Thanksgiving begins the annual season of temptation, with a plethora of goodies making their appearance in offices and homes across the land. For someone like me, who understands only too well Oscar Wilde's famous remark that he could resist anything but temptation, it is not an easy time.

There will be candy, cakes, pies and cookies, delectable cheeses, wine and so much more around every corner. And the fact that my primitive "paleo" brain is programmed to urge me to pile on the pounds during cold weather will make it all the easier to say yes to thirds on that scrumptious dessert, or to have "just a little more" eggnog. You know how it goes.

And of course there are the holiday parties and family gatherings to provide yet more occasions for consumption. After all, it's just being sociable to partake, isn't it?

I should talk. For years, I have sent food gifts to my brothers and their families, and I don't mean veggie-of-the-month club. I think it started because 1) I like receiving gifts of food and 2) there was no worry about whether the recipient already had one of whatever, or whether it was the right size, etc. And it eliminated trying to figure out if they would like what I got. Everybody eats. With minor adjustments — one brother asked to receive fruit, rather than the bakery treats I'd been sending — you're golden.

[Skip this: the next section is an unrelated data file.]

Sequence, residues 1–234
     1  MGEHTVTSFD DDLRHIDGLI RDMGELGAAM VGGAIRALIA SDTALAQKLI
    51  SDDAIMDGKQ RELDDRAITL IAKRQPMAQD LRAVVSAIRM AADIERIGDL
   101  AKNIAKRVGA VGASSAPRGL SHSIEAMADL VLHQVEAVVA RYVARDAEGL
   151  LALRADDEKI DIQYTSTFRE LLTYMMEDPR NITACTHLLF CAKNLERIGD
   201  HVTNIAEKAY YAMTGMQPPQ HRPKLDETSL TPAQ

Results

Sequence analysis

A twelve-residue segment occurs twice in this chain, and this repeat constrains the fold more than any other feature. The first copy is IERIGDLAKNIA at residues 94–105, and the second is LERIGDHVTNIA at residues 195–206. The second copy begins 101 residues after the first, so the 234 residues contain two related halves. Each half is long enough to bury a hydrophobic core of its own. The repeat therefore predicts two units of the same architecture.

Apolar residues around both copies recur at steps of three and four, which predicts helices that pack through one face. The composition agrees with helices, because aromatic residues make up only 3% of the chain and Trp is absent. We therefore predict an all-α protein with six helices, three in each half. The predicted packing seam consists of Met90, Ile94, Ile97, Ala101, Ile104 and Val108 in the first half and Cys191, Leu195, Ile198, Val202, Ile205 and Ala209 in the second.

A bit of gustatory indulgence in the last two months of the year is traditional, and probably not even a bad thing, if we are moderate about it. But there's the rub — moderation can be hard to achieve when everything looks so tasty, and there's so much of it. A little of this, a taste of that, and I gain 5 pounds, or 10.

Which is exactly what leads to all those January resolutions about exercise, fitness and dietary reform. Until Valentine's Day rolls around. Diets actually contribute to the problem, according to some authorities. For example, the writer Ann Lamott tells how a therapist said to her when she announced she was starting another diet, "That's nice, dear. And how much do you plan to gain?"

I know from bitter experience — most people never really lose weight; they just misplace it. Sooner or later, they always find it again. I've done it a number of times myself.

I don't want to start the holiday season on a down note, though. This year we will enjoy ourselves responsibly. We will be moderate. Chocolate pigs will fly!